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CUMULATIVE BOOK INDEX
TENTH ANNUAL CUMULATION
AUTHOR, TITLE, AND SUBJECT CATALOG OF
BOOKS PUBLISHED DURING 1907
IN ONE ALPHABET
MARION E. POTTER
The II. W. WILSON COMPANY
The Cumulative Book Index
PUBLISHED MONTHLY BY THE H. W. WILSON COMPANY Minneapolis.... .1401 University Ave., S. E. New York.
.27 East 21st St.
Entered in the Post Office at Minneapolis
as second class matter.
Terms of Subscription One Year.
.$6.00 Single numbers, save September, $1.50; and January, $3.00, each
The Cumulative Book Index completes with this number the tenth year of its publication. Ten years ago the publisher of the Index was spending his evenings with pencil and paper trying to reduce certain figures to a sum which would make possible a new undertaking that he, as a bookseller, needed in his own business and one which he believed other booksellers would demand soon. He and his wife, working at home evenings, prepared in February, 1898, an eight and a half page index of the books published the preceding month. These eight and a lialf pages of minion type, generously leaded, would amount to five or six pages set in our present style. It now takes fifty or sixty pages to catalog the books of a single month. The first number was an author and title index in one alphabet, with a supplementary subject index, in which the titles were grouped under such general headings as “Natural sciences," "Economics and politics." The author entries only contained price and publisher so that the name "Index" was not then inadequate as it is now. The first edition was carried to the post-office by the publisher himself. To post one of our large numbers now, the drayman has to make two or three trips. The first month increased the subscription list to twenty-seven. So great prosperity required that the business should be moved to a corner of the publisher's bookstore in the basement of the "Old Main" building of the University of Minnesota. In August an editor was engaged and not long afterward an assistant, so that by the time the first annual number was in preparation we again needed new quarters and moved to a tiny office in the basement of the University Young Men's Christian Association building, where the editor and her assistant made copy, read proof, alphabeted the linotype lines, and glanced over the final proofs amid the dull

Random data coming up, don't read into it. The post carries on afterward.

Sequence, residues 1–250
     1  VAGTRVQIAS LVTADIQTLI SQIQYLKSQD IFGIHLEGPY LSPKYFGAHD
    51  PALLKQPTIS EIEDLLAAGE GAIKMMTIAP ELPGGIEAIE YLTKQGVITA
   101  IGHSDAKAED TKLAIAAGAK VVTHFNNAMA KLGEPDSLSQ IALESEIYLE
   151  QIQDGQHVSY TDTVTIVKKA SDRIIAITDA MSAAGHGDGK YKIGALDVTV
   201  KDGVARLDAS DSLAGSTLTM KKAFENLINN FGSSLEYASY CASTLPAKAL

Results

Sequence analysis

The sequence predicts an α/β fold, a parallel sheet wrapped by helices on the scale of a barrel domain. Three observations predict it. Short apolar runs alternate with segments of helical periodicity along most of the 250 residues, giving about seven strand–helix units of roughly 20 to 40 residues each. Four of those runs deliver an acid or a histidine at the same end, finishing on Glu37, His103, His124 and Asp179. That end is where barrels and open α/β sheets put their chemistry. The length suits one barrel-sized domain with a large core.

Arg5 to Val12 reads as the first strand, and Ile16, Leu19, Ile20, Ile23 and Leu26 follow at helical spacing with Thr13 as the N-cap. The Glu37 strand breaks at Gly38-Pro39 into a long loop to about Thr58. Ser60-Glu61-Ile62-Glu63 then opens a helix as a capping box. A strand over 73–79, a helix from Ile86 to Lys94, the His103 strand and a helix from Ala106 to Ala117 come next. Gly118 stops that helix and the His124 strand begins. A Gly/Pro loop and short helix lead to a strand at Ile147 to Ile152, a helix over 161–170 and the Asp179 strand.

adjoining printing shop and the impatient grumbles of a waiting printer. It was in this number that appeared the classic entry “Story of the heroes of the American revolution,
each one sliding off and showing the next.” Where the second line came from and where the right line went to is one of the unsolved mysteries. It led, however, to a system of calling the roll of our lines each inonth. The first annual number consisted of 233 pages of minion type, amounting in our present style of type to about 180 pages, against the 760 of this volume. Each of the ten years new features have been added and more books cataloged, in face of the knowledge that the additional expense involved would not bring a corresponding increase of income.
The eastern publishers for the most part at first ignored us: some told us frankly that they did not care to have their books listed in the Index; a few sent us curt and very uncommunicative responses. Now we are frequently asked, “What shall we do in order to have our books listed in your publication?" At present the business department alone requires three times the force of workers which formed the Index staff during the first year of its publication. The staff moreover has grown in experience as well as in numbers, each member with one exception having had from five to eight years experience in her particular work. It is their intelligent and loyal coöperation with the editor which has made the growth and improvement of the Index possible. We acknowledge our indebtedness in particular to Miss Bertha Tannehill, Misses Agnes and Beatrice Woollett, Misses Emma and Louise Teich, and Miss Ellen Frost. We owe
great deal also to some of our first patrons whose faith in us in spite of our ludicrous and annoying mistakes, gave us the courage to persist in our undertaking.
The present' annual is larger than any which has preceded it. More of the current tooks have been cataloged, particularly privately printed books, transactions of societies, and government publications, state and federal. The publications of the American Statistical association and the American Academy of arts and sciences have been included; the catalog of the Oxford University press and a number of smaller catalogs have been checked over and corrections made for prices; and papers and essays, found in various collections, have been cataloged,